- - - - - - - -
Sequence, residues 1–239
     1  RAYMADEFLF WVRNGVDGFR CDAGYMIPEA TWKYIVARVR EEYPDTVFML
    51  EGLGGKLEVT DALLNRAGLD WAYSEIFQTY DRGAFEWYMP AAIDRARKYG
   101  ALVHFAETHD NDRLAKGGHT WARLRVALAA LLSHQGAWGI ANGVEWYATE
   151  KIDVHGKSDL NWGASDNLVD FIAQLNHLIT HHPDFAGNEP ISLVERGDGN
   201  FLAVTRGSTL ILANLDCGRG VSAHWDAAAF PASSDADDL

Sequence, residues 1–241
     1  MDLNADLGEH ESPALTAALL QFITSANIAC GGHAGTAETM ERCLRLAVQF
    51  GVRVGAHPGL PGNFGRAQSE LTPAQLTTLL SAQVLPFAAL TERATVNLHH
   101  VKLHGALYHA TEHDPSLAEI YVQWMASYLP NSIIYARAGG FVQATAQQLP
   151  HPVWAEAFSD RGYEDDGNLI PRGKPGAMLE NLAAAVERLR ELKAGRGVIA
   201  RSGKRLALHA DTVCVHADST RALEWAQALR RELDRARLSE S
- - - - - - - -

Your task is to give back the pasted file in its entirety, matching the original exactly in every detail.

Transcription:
Sequence, residues 1–239
     1  RAYMADEFLF WVRNGVDGFR CDAGYMIPEA TWKYIVARVR EEYPDTVFML
    51  EGLGGKLEVT DALLNRAGLD WAYSEIFQTY DRGAFEWYMP AAIDRARKYG
   101  ALVHFAETHD NDRLAKGGHT WARLRVALAA LLSHQGAWGI ANGVEWYATE
   151  KIDVHGKSDL NWGASDNLVD FIAQLNHLIT HHPDFAGNEP ISLVERGDGN
   201  FLAVTRGSTL ILANLDCGRG VSAHWDAAAF PASSDADDL

Sequence, residues 1–241
     1  MDLNADLGEH ESPALTAALL QFITSANIAC GGHAGTAETM ERCLRLAVQF
    51  GVRVGAHPGL PGNFGRAQSE LTPAQLTTLL SAQVLPFAAL TERATVNLHH
   101  VKLHGALYHA TEHDPSLAEI YVQWMASYLP NSIIYARAGG FVQATAQQLP
   151  HPVWAEAFSD RGYEDDGNLI PRGKPGAMLE NLAAAVERLR ELKAGRGVIA
   201  RSGKRLALHA DTVCVHADST RALEWAQALR RELDRARLSE S